Now that she's nearly full grown, Avie kitty has begun to fancy herself quite the hunter. During all hours she's not asleep, she wants to be outside looking for mice or bugs or other woodland creatures to stalk and torment. Now, I realize that this is what cats naturally do and they're very good at it. And I'd be happy for Avie to do this, provided she actually killed and ate the things she caught. Instead, she usually torments them to death, batting them around until she eventually wounds them mortally, and when they stop trying to get away, she loses interest and wanders off. She might come back to kick their mousy corpses around, later, but I've never observed her to actually eat one.

A couple weeks back, I found one of her victims. It was a small mouse, broken but still breathing. And suddenly, there it was, my dad's outlook on mercy-killing sliding right into place in my head. If the cat wasn't going to kill it, I had to. I didn't fret much about killing a mouse because I've killed plenty in traps before. But I didn't like that I had to do it.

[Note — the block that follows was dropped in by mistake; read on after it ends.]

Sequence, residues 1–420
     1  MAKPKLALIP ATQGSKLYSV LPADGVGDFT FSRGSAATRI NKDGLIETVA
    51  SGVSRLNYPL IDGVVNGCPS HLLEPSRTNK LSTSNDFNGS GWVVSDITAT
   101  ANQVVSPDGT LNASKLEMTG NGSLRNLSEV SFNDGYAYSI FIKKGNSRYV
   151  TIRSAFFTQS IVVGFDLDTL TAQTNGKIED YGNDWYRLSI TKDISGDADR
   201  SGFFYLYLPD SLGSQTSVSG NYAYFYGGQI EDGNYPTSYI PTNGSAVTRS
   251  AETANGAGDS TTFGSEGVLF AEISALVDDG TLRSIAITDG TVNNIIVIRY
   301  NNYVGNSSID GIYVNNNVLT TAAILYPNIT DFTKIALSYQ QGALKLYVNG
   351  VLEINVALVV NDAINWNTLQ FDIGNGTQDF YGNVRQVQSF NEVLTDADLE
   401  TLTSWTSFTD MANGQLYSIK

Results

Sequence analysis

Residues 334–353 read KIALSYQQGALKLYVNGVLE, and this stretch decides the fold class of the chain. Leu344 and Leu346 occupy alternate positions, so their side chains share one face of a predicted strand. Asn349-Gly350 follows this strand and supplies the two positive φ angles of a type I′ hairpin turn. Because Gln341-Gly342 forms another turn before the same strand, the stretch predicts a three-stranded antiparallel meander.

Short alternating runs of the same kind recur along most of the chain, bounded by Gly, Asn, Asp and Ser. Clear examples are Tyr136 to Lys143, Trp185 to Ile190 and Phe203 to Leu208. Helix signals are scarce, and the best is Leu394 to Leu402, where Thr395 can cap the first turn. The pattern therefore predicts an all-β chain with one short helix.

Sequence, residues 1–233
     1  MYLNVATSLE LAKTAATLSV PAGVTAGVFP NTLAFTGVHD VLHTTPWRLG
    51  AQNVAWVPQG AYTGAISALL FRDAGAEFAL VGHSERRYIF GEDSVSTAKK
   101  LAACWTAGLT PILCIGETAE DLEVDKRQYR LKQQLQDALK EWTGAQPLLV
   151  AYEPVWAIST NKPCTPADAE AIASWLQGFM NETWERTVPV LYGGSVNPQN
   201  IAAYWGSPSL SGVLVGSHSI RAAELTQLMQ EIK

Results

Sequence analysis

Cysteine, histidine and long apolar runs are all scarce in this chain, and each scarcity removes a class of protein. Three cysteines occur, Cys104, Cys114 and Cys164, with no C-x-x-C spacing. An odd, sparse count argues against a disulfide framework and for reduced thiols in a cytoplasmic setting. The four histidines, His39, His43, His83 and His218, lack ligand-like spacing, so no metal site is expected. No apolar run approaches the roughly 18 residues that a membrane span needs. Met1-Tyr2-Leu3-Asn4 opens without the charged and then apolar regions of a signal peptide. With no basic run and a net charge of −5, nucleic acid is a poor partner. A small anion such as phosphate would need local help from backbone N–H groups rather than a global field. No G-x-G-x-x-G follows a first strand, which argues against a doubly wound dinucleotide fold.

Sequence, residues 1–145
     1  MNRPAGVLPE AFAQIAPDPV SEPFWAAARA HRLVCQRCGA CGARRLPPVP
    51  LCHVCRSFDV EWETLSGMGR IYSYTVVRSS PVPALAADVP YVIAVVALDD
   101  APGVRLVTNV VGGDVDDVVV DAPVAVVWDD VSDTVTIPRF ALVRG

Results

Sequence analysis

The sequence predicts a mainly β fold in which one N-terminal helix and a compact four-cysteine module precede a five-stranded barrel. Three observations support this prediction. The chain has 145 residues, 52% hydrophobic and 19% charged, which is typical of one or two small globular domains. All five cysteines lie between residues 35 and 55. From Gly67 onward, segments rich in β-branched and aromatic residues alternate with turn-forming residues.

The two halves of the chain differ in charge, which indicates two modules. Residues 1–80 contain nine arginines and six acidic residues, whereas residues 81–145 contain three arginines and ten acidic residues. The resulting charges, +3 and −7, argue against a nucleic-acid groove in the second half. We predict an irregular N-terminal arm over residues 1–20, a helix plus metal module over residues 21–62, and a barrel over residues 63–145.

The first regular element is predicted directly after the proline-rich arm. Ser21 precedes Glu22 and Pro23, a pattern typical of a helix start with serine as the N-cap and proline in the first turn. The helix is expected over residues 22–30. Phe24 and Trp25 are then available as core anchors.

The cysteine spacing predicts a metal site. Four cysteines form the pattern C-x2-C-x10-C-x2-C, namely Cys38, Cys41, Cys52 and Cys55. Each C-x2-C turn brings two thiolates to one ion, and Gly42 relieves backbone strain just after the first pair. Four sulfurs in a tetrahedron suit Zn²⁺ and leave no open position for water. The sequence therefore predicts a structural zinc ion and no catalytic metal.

Last weekend, it got worse.

While the wife and I were enjoying some lunch on the back deck, we noticed Avie marching up the back of our hill with something big in her mouth. She dropped it before I could get a look at it, but we kept watching to see what she might come up with. Instead, she stayed just over the hill, romping and playing with something we couldn't see. Curious, we arose to go see what it was and found the cat crouched beside a tiny rabbit. It wasn't as small as the ones I nearly killed with the mower when we first moved here, but was possibly not too far out of the nest. At first, it seemed lifeless, and I hoped in my heart that it was already dead. But then I saw its sides moving with its breathing. I chased the cat away from it and stooped down to have a look.